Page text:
Accepting Cancer Screening Invitations

Colorectal cancer screening participation increases with mailed outreach

/ Author:  / Reviewed by: Robert Carlson, M.D Beth Bolt, RPh

(RxWiki News) Even though colorectal cancer is one of the most common cancers in the US, getting screened for the disease isn’t all that popular. This is especially true for people without insurance. In an effort to improve screening rates, some one-on-one attention did the trick.

When uninsured people were mailed invitations offering two types of free colorectal cancer screenings, participation soared.

Nearly three times as many individuals who were sent invitations had screenings compared to people who were referred to colorectal screening by clinic physicians.

"Discuss colonoscopy with your doc starting at age 50."

Samir Gupta, MD, MSCS, of the Veteran Affairs San Diego Healthcare System, and colleagues conducted this study.

The aim was to determine: 1) if mailing invitations to underserved, uninsured individuals would increase colorectal cancer screening participation; 2) if offering the non-invasive fecal immunochemical test (FIT) would be superior to colonoscopy.

A colonoscopy involves emptying the bowels the night before the exam, during which a thin tube with a camera is threaded through the colon to look for abnormal growths.  Precancerous lesions called polyps can be removed during a colonoscopy, which costs about $3,000.

The FIT test, which costs $10 to $20, involves examining a fecal sample for evidence of blood. The patient gathers the sample and mails it to a lab.

A total of 5,970 uninsured individuals — between the ages of 54 and 64, served by the John Peter Smith Health Network in Fort Worth and Tarrant County, TX and not up to date on their colorectal cancer screenings — were randomly assigned to one of three groups: 1,593 to FIT outreach, 479 to colonoscopy outreach and 3,898 to usual care.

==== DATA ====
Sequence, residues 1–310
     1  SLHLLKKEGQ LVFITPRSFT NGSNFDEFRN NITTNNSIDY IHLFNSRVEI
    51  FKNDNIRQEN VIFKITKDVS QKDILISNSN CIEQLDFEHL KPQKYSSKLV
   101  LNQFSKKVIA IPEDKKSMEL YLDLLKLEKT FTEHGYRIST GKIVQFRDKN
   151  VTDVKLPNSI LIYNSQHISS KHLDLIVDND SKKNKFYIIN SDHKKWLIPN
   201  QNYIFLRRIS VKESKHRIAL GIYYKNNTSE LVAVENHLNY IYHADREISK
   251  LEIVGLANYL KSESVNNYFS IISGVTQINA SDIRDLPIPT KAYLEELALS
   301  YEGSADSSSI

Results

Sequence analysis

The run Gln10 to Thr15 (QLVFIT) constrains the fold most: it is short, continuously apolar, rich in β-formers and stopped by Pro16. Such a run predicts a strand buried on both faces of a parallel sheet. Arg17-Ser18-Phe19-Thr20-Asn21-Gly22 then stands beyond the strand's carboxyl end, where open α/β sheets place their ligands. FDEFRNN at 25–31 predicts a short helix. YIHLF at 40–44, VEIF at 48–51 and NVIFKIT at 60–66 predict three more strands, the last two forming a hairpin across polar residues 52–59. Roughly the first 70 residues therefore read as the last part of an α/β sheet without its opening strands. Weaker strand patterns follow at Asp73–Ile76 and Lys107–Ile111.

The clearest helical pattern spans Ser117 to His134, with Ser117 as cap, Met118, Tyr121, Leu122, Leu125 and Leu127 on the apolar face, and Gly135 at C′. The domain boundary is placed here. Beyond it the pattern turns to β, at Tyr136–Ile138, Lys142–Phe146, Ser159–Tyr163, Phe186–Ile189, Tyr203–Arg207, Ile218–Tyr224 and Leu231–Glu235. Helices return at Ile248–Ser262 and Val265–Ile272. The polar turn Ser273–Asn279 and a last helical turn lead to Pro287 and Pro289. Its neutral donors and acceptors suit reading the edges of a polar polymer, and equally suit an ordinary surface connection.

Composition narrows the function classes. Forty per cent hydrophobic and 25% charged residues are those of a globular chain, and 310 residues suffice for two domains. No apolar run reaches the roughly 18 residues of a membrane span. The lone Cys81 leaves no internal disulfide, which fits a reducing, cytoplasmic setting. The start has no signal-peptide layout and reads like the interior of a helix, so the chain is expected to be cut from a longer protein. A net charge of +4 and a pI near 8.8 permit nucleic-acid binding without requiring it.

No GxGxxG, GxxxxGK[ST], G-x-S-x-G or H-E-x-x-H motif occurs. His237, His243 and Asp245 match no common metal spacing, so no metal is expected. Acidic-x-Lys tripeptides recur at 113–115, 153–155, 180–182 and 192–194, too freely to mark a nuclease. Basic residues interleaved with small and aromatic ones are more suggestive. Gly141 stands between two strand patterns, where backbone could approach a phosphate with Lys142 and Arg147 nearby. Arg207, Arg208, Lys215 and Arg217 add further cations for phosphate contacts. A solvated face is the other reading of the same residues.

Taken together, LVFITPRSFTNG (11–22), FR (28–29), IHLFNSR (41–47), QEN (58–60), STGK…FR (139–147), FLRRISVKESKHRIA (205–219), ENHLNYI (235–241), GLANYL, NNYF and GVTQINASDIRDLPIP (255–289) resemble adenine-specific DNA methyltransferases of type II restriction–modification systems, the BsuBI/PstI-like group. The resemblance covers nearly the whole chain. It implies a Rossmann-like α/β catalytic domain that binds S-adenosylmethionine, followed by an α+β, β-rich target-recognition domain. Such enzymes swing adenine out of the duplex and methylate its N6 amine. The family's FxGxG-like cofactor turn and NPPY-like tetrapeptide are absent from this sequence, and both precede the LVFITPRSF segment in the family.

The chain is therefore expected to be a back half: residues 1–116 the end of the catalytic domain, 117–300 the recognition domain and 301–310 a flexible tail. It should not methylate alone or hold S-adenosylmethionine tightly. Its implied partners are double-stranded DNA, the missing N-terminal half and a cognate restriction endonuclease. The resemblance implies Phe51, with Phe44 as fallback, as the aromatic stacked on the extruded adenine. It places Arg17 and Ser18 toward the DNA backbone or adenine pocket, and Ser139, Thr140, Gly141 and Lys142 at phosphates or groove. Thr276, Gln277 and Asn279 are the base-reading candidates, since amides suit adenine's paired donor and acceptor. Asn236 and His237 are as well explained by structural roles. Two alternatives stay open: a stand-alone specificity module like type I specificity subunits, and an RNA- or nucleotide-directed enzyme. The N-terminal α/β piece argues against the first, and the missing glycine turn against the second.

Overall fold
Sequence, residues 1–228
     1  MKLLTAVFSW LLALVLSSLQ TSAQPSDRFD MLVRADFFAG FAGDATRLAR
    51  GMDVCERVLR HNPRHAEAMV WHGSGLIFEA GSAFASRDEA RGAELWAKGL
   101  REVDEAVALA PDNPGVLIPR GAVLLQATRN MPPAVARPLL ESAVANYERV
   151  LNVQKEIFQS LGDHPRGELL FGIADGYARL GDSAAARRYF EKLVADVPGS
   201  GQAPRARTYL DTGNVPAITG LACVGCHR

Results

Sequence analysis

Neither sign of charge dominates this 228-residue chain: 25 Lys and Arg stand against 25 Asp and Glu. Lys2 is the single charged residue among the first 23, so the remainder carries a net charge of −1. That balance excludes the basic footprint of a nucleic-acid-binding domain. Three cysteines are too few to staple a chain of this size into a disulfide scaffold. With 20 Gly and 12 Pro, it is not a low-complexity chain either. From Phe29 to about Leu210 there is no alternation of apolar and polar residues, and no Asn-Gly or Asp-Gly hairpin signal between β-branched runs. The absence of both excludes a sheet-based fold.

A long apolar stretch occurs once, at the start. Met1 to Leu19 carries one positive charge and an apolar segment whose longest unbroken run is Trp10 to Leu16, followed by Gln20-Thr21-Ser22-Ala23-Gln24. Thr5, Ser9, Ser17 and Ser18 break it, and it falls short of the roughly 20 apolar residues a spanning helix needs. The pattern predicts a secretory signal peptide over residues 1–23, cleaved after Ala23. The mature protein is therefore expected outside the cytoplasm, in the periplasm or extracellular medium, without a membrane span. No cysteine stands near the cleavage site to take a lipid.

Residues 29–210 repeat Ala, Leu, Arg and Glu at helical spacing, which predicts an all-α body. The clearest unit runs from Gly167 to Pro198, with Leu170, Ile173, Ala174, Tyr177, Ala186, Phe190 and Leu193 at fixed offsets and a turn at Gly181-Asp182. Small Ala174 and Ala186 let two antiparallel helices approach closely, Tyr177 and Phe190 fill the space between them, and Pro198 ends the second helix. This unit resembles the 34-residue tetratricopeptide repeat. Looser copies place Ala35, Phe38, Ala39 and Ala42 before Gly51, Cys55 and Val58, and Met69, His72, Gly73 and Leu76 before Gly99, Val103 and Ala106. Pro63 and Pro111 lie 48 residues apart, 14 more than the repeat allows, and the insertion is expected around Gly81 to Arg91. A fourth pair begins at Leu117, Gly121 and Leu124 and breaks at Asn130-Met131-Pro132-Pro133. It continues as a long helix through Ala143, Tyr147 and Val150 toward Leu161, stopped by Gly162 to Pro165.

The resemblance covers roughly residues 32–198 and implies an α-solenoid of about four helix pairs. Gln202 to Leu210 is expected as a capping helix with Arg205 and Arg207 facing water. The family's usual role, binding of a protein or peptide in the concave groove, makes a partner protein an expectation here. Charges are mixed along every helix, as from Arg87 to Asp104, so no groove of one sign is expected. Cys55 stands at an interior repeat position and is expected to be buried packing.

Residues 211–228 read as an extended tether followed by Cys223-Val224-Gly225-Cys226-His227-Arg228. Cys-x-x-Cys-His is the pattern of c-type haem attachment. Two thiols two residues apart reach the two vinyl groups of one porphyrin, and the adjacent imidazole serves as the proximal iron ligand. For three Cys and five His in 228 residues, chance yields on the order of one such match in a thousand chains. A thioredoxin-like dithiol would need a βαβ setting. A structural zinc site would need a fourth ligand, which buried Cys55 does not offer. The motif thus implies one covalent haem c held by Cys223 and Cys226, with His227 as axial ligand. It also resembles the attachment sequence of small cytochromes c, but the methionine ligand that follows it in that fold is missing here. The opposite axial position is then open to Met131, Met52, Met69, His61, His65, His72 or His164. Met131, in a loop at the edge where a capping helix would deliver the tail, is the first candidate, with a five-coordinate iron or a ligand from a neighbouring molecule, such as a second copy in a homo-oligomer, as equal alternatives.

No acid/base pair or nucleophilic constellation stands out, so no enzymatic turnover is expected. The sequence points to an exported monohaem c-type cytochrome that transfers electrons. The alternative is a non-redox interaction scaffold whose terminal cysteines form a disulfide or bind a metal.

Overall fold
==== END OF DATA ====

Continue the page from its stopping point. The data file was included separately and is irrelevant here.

FIT and colonoscopy outreach included the following:

  • One-page English and Spanish invitation to have a no-cost screening, along with information about the risks of colorectal cancer.
  • Two pre-recorded phone messages, the first delivered at the time of the mailing telling recipients that they’d be receiving an invitation and a reminder message delivered two weeks after the mailing.
  • As many as two live phone calls reminding people to complete the screenings and offering assistance with scheduling and preparing for the colonoscopy.

The FIT group also received a kit and instructions on how to use the test, along with a postage-paid return envelope.

People assigned to the usual care group were referred to colorectal cancer screenings by clinic physicians during medical care visits.

People who received invitations and phone follow-up had much higher screening participation than those in the usual care group. While 40.7 percent of the FIT group and 26.4 percent of those who received colonoscopy outreach participated in screening, only 12.1 percent of those who received usual care participated.

"We know that colonoscopy rates are lower than we'd like, particularly in populations that have limited access to healthcare services,” said Richard Berri, MD, director of Surgical Oncology at St. John Hospital and Medical Center's Van Elslander Cancer Center in Detroit, Michigan.

“This study shows that reaching out to people and offering them an alternative screening method results in higher participation. More out-of-the-box thinking like this is needed to improve colorectal cancer screening rates that can save lives," said Dr. Berri, who was not involved in this study.

“For underserved populations, our findings raise the possibility that large-scale public health efforts to boost screening may be successful if noninvasive tests, such as FIT, are offered over colonoscopy,” the study authors concluded.

An estimated 143,000 Americans will learn they have colorectal cancer this year.

This study was published August 5 in JAMA Internal Medicine.

The study was supported by grants from the Cancer Prevention and Research Institute of Texas, the National Institutes of Health (NIH) through the National Center for Research Resources and NIH/National Cancer Institute.

No conflicts of interest were disclosed.

Review Date: 
August 7, 2013
Last Updated:
August 9, 2013